Dr. Arnold Fanck (1889-1974) can be viewed as a significant pioneer of independent filmmaking and his film, The Holy Mountain (1926), as a landmark entry in the Bergfilme genre. The production, however, was riddled with problems. Unseasonably warm weather in the German Alps melted the expensive ice palace set constructed on a frozen lake; snow turned to slush; various injuries afflicted Riefenstahl, Schneider, and cinematographer Hans "Snowflea" Schneeberger; filming was delayed, and UFA threatened to abandon the project. According to Riefenstahl, the film's archetypical romantic triangle was echoed in reality amongst the director and cast: Fanck himself was romantically obsessed with Leni, but she wasn't interested. Anyway, she and Trenker were in love. The jealous Fanck continually tried to sabotage Leni’s affair by suggesting to Trenker that she and Schneeberger were secretly carrying on together. Consequently, when the winds shifted and cold weather returned, it took great professional self-discipline for everyone to sleep in the same small base cabin, and also to pull together as a team out on the sheer face of the mountain, without some tragedy ensuing. Despite all this, Leni Riefenstahl learned a great deal about film-making from her time on the production. When Fanck was summoned by the UFA studio to assess the troubled progress of the shoot, Riefenstahl was even sufficiently confident in his absence to film the flower-filled springtime scenes at Interlaken; then she was allowed to film the flare-lit night-time rescue on the mountain, which Fanck had despaired of completing himself. The visual power of the film is undeniable, with impressive shots of dramatic mountain landscapes. Fanck was a realist film-maker insofar as he detested using stunt doubles, and his documentary interest in nature photography led him to insist on always shooting on location. Nevertheless, his cinematographic style is aesthetic and highly wrought, with an intensely romantic German sensibility informing the often expressionist technique. His use of slow-motion montage clearly anticipates Riefenstahl's elevation of diving champions into those weightless gods and goddesses, who seem to glide effortlessly through space in her film of the 1936 Berlin Olympics. It is probably Leni Riefenstahl, and not Arnold Fanck, whom we watch with greatest interest today. For us the irresistible draw of this film is to see the nursery slopes of a young actress and budding film-maker of genius, who later sprang to international fame not only with her brilliant Olympia, but also with that notorious, soaring paean to dangerous Hitlerian fantasies, Triumph of the Will. Here we see her in more innocent times.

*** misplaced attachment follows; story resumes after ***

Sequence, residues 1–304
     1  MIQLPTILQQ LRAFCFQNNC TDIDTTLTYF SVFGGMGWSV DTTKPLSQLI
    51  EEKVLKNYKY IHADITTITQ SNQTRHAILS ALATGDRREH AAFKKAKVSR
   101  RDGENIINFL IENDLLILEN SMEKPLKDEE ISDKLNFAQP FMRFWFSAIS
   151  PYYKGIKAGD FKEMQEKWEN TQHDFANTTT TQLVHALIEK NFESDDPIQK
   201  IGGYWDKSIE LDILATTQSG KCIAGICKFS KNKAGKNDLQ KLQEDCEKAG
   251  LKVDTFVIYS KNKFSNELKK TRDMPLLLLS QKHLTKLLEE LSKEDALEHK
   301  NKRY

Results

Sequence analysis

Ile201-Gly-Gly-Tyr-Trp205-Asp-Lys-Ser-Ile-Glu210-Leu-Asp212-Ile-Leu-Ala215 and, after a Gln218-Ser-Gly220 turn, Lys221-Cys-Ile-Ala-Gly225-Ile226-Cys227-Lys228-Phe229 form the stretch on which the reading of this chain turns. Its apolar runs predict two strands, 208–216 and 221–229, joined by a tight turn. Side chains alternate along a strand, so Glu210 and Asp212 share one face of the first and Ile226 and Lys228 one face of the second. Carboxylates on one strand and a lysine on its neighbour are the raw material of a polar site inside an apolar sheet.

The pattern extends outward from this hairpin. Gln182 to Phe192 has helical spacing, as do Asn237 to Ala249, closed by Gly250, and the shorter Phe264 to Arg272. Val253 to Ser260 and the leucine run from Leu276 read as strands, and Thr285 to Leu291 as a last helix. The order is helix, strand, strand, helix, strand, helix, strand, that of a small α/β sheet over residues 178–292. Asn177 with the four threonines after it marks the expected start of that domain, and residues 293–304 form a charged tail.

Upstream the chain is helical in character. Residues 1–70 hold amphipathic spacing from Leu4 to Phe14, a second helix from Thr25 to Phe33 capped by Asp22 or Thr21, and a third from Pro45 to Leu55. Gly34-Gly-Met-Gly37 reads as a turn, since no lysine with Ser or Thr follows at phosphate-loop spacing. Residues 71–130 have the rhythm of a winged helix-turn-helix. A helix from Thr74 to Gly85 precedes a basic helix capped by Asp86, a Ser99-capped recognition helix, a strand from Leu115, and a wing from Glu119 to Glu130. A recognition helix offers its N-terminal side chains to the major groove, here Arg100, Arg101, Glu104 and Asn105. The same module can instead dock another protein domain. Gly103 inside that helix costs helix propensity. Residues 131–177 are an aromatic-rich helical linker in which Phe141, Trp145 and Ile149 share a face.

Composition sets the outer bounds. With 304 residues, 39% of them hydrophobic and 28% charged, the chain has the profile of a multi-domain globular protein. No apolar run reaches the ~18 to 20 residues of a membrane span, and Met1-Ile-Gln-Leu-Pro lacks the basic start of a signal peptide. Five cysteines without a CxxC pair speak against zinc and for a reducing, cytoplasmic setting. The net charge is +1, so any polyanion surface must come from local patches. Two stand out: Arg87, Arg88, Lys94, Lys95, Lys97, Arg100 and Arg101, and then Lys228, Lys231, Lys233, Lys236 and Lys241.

All Quiet On the Western Front
Classic pacifist masterpiece showing the relentless destruction, one by one, of a band of idealistic young soldiers in the German trenches during the ‘Great War’ of 1914-1918.
Make Way for Tomorrow
While not a box-office success, this drama, directed by Leo McCarey, has won the admiration of film critics and movie buffs for its sensitive and perceptive engagement with the problems of the elderly. When McCarey won the Oscar for Best Director that same year for The Awful Truth, he remarked that the Academy had given him the award for the wrong movie, as he considered Make Way for Tomorrow to be his best. Barkley and Lucy Cooper (Victor Moore and Beulah Bondi) are a couple in their late 60s who have fallen on hard times and learn that the bank is taking their house as they can no longer repay the loan. The couple turn to their five children for help, but they are either unable or unwilling to do much for them; neither of their married children have the space or the means to house them both. Living apart from each other with their often impatient children and their new families proves stressful for everyone involved, and so Lucy eventually decides to put herself in a home for aged women. She and Barkley realize that this will probably mean a permanent separation for the two of them, but they try to enjoy one last outing together before they part forever… Orson Welles said that this great, sad movie “… would make a stone cry”. It is one of Hollywood’s finest achievements.
King of Hearts
Alan Bates, Geneviève Bujold
This Vietnam-era cult classic is a satirical look at the madness of war. Re-released for a modern audience, this engaging comedy, while it isn't de Broca's best movie, was so popular with American audiences in the late '60s that it is still one of the era's most fondly remembered cinema events. Its wild satire still conveys the resentful contempt of youth for a society spinning out of control under the dead hand of an older generation.
Went the Day Well?
British patriotism at its most thoughtful, this is a wartime propaganda morale-booster that, actually, doesn't shirk from showing the ultimate cost of the conflict. Real drama is generated as a small but ruthless German advance force take over a sleepy English village (a plot later more sensationally reworked in The Eagle Has Landed). Director Alberto Cavalcanti handles events with neo-documentary efficiency and William Walton's score cannot fail to stir.